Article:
The laser's optical gain medium is preferably contained in the first resonator. The second resonator on the other hand is advantageously a passive resonator. During the periodic tuning of the optical filter, in each case specific wavelengths that are within the respectively adjusted transmission range of the filter are transmitted out of the first resonator into the second resonator and back. Those wavelengths that are not transmitted by the filter are preferably almost fully reflected back by the filter into the second resonator. For this reason it is advantageous if the absorption of the filter is negligibly small. The optical filter can be, in particular, a tunable Fabry-Perot filter.

The optical filter is implemented in the form of a Fabry-Perot filter in at least one embodiment of the laser. Such filters can be tuned efficiently, and exhibit high-quality.

According to at least one embodiment of the laser the optical filter can be blocked, at least temporarily, during a tuning period t independently of the frequency. This is realized in at least one embodiment of the laser in that the filter can be moved perpendicularly to a transmission direction.

According to at least one embodiment of the laser, the second resonator comprises at least one element that effects a rotation of the polarization. This element is preferably constructed with a Faraday mirror or with a Sagnac type fiber mirror.

According to at least one embodiment of the laser, it comprises at least one polarization-selective gain medium in the first resonator. The polarization of the amplified radiation can be set effectively by a gain medium of this type.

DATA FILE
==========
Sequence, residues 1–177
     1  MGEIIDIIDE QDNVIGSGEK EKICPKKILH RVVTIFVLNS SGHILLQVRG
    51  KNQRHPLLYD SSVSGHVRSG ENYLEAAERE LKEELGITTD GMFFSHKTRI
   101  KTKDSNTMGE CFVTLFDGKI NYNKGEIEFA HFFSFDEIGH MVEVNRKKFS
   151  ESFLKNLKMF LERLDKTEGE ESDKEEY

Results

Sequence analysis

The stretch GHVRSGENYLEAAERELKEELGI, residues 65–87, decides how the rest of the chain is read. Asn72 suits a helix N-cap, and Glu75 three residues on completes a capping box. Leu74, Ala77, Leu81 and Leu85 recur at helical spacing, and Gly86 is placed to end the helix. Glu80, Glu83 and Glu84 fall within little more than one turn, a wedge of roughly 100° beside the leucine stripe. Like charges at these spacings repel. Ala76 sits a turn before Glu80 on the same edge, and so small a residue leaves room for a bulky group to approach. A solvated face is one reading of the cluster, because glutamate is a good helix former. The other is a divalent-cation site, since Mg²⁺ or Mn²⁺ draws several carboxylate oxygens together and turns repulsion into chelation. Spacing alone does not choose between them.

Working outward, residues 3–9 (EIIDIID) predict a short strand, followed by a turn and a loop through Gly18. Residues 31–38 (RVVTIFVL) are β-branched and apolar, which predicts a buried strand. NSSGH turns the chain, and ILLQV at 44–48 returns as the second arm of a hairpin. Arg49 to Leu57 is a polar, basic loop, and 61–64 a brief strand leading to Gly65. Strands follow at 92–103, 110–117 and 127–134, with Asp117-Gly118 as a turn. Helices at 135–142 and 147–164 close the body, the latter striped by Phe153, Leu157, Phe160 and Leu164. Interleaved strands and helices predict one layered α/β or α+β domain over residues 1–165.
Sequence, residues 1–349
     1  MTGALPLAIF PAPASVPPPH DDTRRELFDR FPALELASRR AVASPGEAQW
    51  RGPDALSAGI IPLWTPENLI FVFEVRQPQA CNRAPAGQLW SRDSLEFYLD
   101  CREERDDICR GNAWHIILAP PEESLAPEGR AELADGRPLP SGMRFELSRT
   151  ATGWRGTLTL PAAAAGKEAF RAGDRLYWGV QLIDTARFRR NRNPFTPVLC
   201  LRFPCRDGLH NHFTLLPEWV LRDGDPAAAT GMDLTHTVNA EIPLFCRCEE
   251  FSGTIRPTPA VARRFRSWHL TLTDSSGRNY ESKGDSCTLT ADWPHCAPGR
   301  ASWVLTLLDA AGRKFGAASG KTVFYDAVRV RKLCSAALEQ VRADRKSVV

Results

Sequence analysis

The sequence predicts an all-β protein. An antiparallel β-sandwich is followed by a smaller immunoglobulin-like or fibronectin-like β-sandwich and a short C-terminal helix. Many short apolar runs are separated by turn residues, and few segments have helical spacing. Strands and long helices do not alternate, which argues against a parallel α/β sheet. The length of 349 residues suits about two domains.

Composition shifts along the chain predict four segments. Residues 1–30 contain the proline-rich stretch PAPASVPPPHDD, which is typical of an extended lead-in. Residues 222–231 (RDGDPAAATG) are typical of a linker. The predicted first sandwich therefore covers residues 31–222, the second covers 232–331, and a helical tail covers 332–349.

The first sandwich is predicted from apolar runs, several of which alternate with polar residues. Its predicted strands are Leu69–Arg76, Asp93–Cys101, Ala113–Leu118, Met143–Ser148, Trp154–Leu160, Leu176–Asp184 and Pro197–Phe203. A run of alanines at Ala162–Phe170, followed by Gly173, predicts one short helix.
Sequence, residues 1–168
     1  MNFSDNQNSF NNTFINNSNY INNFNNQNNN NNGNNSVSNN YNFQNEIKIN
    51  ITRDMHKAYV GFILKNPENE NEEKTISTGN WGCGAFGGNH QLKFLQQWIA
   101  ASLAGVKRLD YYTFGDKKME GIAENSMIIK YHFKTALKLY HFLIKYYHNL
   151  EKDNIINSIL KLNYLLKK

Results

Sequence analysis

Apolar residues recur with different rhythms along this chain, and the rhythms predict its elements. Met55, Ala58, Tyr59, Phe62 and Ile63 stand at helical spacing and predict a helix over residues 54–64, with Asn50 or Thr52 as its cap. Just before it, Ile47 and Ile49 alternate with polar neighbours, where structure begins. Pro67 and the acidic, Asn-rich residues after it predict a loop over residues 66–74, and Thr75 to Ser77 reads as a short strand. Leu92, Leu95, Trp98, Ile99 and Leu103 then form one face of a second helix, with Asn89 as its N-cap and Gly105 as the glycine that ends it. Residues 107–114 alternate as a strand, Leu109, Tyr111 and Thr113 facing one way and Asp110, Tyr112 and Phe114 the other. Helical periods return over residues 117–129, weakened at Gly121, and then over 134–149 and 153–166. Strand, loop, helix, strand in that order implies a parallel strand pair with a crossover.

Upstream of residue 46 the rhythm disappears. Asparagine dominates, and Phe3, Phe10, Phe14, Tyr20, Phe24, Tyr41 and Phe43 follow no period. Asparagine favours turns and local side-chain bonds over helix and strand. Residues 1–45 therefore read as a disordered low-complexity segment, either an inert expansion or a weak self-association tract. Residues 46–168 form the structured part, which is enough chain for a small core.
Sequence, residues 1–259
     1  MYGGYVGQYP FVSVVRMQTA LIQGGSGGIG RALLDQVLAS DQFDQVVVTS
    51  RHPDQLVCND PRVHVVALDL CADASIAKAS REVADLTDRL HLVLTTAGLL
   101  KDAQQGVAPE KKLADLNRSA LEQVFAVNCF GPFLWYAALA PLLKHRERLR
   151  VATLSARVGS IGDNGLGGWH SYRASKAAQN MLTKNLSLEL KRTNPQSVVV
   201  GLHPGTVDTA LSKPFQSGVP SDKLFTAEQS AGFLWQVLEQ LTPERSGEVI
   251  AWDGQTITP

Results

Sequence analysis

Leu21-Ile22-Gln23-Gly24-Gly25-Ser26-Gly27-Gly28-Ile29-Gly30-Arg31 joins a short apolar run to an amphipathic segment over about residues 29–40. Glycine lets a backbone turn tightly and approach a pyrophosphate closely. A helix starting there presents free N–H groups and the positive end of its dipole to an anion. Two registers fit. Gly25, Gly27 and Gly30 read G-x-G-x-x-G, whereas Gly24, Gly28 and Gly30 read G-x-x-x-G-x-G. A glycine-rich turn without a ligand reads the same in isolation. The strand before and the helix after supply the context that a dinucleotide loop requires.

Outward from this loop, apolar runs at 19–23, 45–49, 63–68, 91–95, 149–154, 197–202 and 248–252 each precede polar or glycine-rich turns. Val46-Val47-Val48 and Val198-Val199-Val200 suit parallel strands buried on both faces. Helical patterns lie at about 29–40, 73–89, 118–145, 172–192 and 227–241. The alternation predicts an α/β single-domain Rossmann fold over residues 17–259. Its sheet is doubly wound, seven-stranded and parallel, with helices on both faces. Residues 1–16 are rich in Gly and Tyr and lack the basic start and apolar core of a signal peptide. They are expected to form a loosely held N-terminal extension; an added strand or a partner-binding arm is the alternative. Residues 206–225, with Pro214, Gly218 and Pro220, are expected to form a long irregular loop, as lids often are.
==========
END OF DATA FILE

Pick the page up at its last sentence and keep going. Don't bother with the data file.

According to at least one embodiment of the laser, the radiation can be coupled out of the second resonator. This allows the output coupling frequency to be adjusted over a wide range.

According to at least one embodiment of the laser it comprises at least one post-amplifier. Post-amplification of the radiation coupled out of the first or second resonator can achieve high optical power of the laser.

According to at least one embodiment of the laser the first resonator comprises at least one polarization-maintaining fiber. The polarization state of the light can be maintained by means of such a fiber.

The invention is not restricted by the description that refers to the exemplary embodiments. Rather, the invention comprises each new feature, as well as any combination of features, which includes, in particular, any combination of features in the patent claims, even if this feature or this combination is not itself explicitly specified in the patent claims or exemplary embodiments.

BRIEF DESCRIPTION OF THE DRAWINGS

The invention is explained in the following in more detail on the basis of FIGS. 1 to 13.

FIGS. 1 to 13 each show schematic representations of exemplary embodiments of a tunable laser according to the invention.

Elements in the figures that are either identical, or have the same effect as one another, are given the same reference numbers.

DETAILED DESCRIPTION OF ILLUSTRATIVE EMBODIMENTS